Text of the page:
Recovery is Possible - Jaie's Story
Recovery from addiction is always possible, especially with support from family, peers and the recovery community.
Jaie grew up in Naugatuck in a family with a long history of addiction. He began drinking and using drugs at the age of 12. Despite the efforts of school programs and his mother, his use continued through high school and after he earned his diploma.
“I was not a happy person, and I wasn’t in a happy place. Drugs were an escape from my reality,” he says.
Working at a trucking company and in manufacturing, he’d visit a bar after work with coworkers and find himself out until 2 AM.
“It was never one beer. I just wouldn’t stop.”
He saw that his triggers were staying out late and the people he associated with, so he moved, first to Prospect and then New Haven, but the drug use never stopped—alcohol, heroin, cocaine, Ecstasy and prescriptions. Eventually he began selling drugs in order to support his addiction.
After one of his closest friends died of an overdose, Jaie spiraled, blaming himself.
“I didn’t know how to move my life ahead,” he says. “I was using everything I could get a hold of. I avoided everyone, and I wasn’t happy unless I was high or drunk.”
His family intervened. His grandparents began searching for treatment options, and Jaie looked to his younger brother and niece, both about the age he was when he started using drugs.
“I saw the way my brother looked at me, even in the shape I was in. He looked up to me,” he says. “I didn’t want to be a bad uncle to my niece. I knew I had to get away from the environment I was in.”
He entered a residential program in Bristol. Staff there, learning that he hadn’t seen a primary care doctor in nearly a decade, encouraged him to come to Wheeler’s Family Health & Wellness Center.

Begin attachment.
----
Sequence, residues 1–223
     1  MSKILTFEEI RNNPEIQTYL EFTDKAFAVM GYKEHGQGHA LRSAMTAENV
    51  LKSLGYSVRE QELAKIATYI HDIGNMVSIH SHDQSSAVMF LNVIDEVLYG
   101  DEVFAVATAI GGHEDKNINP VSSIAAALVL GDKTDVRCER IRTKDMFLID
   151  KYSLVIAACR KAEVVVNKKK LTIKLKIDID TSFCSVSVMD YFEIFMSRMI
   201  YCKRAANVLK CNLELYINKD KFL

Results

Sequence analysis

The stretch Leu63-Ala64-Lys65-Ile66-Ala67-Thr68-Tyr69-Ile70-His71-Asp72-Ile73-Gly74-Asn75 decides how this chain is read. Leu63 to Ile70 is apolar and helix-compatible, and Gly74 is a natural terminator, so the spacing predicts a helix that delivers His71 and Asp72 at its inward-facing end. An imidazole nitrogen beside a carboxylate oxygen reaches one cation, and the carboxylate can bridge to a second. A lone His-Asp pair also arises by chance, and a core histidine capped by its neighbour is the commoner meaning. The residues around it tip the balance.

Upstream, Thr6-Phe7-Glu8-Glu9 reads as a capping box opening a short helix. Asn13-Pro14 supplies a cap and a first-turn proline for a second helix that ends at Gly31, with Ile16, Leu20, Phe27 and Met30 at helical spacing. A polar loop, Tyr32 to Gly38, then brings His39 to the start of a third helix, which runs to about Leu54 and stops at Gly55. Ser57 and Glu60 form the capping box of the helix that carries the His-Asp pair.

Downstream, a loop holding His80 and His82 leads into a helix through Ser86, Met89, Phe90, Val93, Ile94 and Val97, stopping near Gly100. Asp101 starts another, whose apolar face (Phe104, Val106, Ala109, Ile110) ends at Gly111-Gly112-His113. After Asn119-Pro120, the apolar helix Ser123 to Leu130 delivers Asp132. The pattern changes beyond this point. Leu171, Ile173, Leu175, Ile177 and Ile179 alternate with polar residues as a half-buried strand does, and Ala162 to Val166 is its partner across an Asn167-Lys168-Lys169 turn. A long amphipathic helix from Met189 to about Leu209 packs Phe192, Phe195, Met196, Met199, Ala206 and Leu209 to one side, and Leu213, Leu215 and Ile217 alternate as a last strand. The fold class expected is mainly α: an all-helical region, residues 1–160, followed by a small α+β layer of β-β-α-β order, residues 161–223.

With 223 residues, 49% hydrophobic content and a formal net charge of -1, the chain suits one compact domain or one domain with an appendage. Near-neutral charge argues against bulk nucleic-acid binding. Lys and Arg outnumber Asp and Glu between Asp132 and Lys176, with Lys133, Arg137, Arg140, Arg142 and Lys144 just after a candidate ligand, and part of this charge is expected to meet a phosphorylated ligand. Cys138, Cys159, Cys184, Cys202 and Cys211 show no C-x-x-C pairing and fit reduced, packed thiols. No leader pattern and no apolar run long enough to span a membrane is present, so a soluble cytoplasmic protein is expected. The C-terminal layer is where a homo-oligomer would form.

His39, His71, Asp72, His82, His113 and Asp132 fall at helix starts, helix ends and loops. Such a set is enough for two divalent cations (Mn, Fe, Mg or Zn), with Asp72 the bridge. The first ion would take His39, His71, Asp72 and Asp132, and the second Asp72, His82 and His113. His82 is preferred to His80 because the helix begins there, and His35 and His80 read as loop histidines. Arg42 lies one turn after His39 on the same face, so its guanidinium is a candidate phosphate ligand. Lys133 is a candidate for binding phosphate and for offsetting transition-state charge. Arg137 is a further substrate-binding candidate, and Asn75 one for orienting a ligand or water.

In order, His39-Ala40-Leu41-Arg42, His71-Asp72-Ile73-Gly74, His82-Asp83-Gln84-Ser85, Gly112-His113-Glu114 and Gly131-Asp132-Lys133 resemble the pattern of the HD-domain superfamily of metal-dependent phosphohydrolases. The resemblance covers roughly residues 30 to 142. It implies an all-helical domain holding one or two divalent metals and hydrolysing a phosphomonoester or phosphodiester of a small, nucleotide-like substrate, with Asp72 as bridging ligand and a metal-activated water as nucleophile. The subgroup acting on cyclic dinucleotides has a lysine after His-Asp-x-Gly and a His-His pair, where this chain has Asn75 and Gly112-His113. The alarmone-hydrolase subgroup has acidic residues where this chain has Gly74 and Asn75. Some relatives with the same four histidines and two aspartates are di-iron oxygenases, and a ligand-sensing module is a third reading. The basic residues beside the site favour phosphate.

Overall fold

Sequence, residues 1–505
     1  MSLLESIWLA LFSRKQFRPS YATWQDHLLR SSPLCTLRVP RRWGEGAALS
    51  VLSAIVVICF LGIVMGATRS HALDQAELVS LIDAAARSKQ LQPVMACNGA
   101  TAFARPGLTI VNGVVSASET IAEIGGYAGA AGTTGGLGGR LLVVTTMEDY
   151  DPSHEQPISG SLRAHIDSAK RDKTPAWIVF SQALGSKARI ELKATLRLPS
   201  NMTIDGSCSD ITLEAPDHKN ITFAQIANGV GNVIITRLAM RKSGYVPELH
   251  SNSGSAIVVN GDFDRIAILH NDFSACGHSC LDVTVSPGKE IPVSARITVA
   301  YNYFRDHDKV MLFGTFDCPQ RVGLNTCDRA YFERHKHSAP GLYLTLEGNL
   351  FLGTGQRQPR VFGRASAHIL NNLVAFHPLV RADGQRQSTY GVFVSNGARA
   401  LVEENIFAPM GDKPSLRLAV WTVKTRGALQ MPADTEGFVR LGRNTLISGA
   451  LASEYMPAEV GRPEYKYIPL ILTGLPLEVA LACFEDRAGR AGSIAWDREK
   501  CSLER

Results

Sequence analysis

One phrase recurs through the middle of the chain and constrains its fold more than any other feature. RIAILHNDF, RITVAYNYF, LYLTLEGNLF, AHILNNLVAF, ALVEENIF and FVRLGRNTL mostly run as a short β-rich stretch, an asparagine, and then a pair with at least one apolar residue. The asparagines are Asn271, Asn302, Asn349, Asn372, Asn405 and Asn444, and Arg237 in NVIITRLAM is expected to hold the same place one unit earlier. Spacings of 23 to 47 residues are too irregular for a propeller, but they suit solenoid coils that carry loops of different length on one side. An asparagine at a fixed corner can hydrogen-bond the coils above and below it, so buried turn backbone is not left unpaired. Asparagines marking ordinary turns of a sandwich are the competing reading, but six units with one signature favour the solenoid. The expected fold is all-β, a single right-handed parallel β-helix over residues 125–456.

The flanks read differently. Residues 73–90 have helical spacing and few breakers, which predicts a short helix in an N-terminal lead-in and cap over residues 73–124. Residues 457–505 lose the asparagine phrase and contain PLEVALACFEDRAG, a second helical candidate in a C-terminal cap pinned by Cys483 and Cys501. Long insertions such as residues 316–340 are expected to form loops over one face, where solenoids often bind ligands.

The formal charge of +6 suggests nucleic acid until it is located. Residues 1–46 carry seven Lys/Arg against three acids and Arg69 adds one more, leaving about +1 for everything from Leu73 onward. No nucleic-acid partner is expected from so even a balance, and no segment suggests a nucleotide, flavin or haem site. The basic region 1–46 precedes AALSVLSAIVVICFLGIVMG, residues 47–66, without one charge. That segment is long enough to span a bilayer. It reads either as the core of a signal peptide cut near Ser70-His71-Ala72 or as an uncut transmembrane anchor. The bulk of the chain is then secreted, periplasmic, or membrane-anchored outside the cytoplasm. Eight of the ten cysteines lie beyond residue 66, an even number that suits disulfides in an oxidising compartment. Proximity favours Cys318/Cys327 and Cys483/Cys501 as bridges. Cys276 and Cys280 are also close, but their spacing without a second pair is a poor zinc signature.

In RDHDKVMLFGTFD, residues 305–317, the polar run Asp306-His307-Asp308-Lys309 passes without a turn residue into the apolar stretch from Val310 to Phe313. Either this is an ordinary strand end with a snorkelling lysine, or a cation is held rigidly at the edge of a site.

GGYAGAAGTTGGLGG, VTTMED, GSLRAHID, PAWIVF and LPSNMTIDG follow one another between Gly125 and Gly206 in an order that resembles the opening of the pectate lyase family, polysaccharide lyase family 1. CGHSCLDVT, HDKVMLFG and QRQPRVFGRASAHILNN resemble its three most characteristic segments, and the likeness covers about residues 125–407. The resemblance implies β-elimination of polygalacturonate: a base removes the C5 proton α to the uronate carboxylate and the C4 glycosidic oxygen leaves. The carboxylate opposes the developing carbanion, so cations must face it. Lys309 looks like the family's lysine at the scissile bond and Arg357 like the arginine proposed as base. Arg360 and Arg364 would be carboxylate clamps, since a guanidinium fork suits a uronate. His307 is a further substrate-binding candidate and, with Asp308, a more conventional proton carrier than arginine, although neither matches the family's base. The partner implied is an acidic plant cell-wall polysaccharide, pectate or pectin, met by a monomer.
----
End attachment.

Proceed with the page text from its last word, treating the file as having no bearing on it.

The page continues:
“Wheeler helped dramatically. Staff acted like they cared. They spent the time to work with me, asking me the questions about why I used drugs, helping me work through it,” he says.
He entered Wheeler’s intensive outpatient program, began attending group sessions, and was prescribed Vivitrol, a medication-assisted treatment for addiction that blocks the pleasurable sensation of drugs and alcohol. It is a monthly injection and is not habit-forming.
“Vivitrol helps a lot. It gives you a peace of mind. There’s no point in even trying to get high,” he says. “And in group, you realize from everyone around you that you’re not alone. Everyone has seen the things you’ve seen.”
Jaie began working with Stephanie Almada, a Wheeler peer counselor, every week. More than a year in recovery, Jaie says the improvement in his life is noticeable.
“I’m doing a lot better. I haven’t been in a bar in a year. It’s not worth it,” he says.
Jaie is living with his family again and is now balancing volunteering with Connecticut Community for Addiction Recovery (CCAR), work and studying to become a counselor himself. He applied for and received a scholarship from CCAR to attend their Recovery Coach Academy, and in the fall, he’s hoping to enroll in a local college.
Jaie says he understands that recovery is a journey, full of small but meaningful victories and tests.
“My mother got married recently, and she invited me. A few years ago, she might not have,” he says. “I wanted to test myself, so I went and had a good time. As the reception went on and on later and later, I had to make a decision. I said good night and left.”